At this time, printing was controlled by licensing, registration, and censorship. When John Milton published an unlicensed pamphlet defending divorce (quite controversial at the time), he defended himself to Parliament, after which he published his defense as the “Aeropagitica.” This, of course, was also unlicensed. In it, he said, “Give me the liberty to know, to utter, and to argue freely according to conscience above all liberties.” Milton argued that open communication, with no regulations, can create a forum where truth and an ideal social order can emerge. Of course, Milton was not promoting unrestrained free expression; his liberty was reserved only for some Protestants sects (Catholics, Jews, and Muslims need not apply).
But now we have the new kid on the block — the Internet — which has reignited the conflict between our ideals of free expression and regulation of mass media. Two recent examples have illustrated how free expression is both facilitated and hampered by new technologies. Perhaps the most recent, and starkest, challenge to free expression is the Islamic State, or ISIS, and its use of social media to spread information. On August 19, 2014, the group released a video depicting the beheading of American journalist James Foley. Shortly thereafter, a similar video appeared showing American journalist Steven Sotloff, also brutally beheaded. More recently, we saw the eerily similar beheading of a British aid worker. Is this free expression? Should such videos be censored? Some argue that — as revolting as it is — this content should not be censored because it is protected under the First Amendment. Yes, the videos are gruesome and could incite terrorist copycat acts. But on the other hand, Americans could be made aware of the sheer brutality of which this organization is capable and support change. Indeed, recent polls suggest that a stunning 94 percent of Americans have heard about these beheadings; that’s higher than the 2012 health-care decision by the U.S. Supreme Court (78%) and Syria’s reported use of chemical weapons in 2013 (79%). And it’s true, the American public has largely backed the recent strikes in Syria and Iraq.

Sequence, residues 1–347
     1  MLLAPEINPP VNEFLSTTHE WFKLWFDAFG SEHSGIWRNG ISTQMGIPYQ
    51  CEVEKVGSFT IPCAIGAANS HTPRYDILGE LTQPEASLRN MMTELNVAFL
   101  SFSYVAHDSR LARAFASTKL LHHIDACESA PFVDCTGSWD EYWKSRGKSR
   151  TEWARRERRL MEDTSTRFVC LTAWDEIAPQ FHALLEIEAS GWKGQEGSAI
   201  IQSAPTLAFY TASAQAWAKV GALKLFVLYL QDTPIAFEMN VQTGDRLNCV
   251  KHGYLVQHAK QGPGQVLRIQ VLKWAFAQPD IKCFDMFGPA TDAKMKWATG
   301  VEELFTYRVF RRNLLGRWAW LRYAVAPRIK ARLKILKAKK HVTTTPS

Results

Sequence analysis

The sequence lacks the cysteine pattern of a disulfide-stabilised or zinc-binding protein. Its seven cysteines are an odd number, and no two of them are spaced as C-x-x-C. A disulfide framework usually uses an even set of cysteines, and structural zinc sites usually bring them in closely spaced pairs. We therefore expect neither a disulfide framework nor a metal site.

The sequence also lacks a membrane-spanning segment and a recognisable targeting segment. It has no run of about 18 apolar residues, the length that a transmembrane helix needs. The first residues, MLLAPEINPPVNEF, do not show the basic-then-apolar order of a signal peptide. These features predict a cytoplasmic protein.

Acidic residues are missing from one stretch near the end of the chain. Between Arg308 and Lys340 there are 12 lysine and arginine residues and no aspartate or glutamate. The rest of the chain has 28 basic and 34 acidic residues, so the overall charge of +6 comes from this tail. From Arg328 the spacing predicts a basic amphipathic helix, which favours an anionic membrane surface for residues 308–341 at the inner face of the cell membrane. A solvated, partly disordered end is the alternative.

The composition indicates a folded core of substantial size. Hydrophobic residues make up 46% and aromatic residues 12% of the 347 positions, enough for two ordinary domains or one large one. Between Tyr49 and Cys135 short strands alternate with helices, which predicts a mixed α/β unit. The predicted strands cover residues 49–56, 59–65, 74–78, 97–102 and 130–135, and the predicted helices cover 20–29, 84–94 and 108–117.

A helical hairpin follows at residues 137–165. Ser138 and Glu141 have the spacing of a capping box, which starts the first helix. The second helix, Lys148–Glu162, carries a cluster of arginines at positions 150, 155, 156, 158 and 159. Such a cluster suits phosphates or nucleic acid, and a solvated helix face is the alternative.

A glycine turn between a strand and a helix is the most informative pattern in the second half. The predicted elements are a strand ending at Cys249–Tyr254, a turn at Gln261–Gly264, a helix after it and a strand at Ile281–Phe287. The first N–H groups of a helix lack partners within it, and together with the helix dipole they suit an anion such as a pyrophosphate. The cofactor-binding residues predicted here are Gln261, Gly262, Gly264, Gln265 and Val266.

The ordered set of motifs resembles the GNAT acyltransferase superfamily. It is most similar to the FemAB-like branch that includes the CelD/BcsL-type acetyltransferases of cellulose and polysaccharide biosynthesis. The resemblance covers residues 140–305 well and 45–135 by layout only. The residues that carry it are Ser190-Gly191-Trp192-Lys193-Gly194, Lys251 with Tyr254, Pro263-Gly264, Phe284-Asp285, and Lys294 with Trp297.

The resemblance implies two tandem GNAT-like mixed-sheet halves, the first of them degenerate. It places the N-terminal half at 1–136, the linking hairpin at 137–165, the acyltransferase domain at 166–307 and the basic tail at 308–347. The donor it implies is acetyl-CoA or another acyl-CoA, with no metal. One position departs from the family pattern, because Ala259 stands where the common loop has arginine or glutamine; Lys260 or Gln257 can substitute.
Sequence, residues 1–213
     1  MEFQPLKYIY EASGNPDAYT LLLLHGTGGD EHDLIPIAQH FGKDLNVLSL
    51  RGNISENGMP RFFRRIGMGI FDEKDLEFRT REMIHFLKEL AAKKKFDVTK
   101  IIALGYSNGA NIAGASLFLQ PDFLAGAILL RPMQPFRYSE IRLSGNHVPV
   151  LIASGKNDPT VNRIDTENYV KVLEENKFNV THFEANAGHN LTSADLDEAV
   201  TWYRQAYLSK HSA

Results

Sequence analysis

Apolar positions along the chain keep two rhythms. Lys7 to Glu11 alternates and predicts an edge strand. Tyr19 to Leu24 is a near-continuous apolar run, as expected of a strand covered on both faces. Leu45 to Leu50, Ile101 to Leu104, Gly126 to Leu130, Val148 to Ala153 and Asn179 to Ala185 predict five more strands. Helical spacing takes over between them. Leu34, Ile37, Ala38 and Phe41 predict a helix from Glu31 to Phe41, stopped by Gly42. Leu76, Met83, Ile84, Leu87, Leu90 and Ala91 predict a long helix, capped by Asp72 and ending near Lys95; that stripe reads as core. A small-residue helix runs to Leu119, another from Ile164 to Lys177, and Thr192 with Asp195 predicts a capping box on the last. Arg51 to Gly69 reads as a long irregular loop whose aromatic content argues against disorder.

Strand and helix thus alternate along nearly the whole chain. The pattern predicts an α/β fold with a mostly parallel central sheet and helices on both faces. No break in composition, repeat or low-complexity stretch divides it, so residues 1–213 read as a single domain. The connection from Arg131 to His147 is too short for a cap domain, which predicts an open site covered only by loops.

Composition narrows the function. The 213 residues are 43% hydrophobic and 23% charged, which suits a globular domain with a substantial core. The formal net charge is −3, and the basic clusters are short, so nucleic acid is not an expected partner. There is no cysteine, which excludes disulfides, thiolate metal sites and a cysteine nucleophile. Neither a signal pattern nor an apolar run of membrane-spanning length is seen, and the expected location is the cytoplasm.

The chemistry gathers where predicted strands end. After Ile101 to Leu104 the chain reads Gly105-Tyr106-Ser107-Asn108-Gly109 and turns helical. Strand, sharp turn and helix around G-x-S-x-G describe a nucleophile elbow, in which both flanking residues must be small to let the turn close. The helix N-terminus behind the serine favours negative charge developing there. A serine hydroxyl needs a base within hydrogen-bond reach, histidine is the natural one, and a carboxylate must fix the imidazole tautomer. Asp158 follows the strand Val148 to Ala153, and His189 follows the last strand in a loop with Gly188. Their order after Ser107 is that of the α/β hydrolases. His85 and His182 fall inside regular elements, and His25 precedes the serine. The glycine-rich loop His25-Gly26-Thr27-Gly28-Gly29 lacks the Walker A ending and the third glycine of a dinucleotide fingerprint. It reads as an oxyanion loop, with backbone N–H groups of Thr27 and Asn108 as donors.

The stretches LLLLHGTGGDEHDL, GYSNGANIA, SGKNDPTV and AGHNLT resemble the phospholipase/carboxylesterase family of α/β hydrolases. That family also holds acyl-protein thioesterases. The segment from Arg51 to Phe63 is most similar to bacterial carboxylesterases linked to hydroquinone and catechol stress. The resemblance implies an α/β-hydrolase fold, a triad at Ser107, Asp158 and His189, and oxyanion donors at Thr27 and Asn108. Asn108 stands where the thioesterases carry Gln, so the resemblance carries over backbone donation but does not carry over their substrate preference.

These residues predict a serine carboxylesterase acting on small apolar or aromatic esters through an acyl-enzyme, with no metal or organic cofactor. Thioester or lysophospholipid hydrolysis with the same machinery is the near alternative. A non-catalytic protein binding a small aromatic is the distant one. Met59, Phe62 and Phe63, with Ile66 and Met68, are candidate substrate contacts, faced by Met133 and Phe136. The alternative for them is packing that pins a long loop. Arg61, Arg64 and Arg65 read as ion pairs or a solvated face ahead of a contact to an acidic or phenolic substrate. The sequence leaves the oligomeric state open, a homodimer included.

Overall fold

Others argue that such videos are clearly propaganda meant to incite violence, and that we shouldn’t give into what ISIS “wants.” But, of course, propaganda is not prohibited under the First Amendment or any other statute. Indeed the U.S. has actively engaged in a propaganda war with ISIS to prevent Westerners from joining the movement.
Moreover, does what ISIS want matter in whether its videos are made public or not? One interesting issue here is how traditional media — who often self-censor as a result of the norms of prior constraint established in the 17th century — have handled it; many outlets have refused to broadcast the video, even as they remark it is widely available online. But the organizations publishing this content are not traditional media. They are private corporations, which of course are not accountable in the same way that government-regulated communication or media are. Twitter, Reddit, and others have the right to display some content and to exclude others. When it comes to such gruesome and horrifying content as the beheadings videos, some organizations have chosen to remove offensive accounts, even as others pop up to repost them.
A second recent example is the celebrity nude photo scandal, in which private photos of many Hollywood actresses were posted to various web sites. This comes after a slew of cases involving what some people refer to as “revenge porn,” which has devoted followers and sites designate for making private photographs public material online. Such situations have led 11 states to enact new laws aimed at better tackling revenge porn.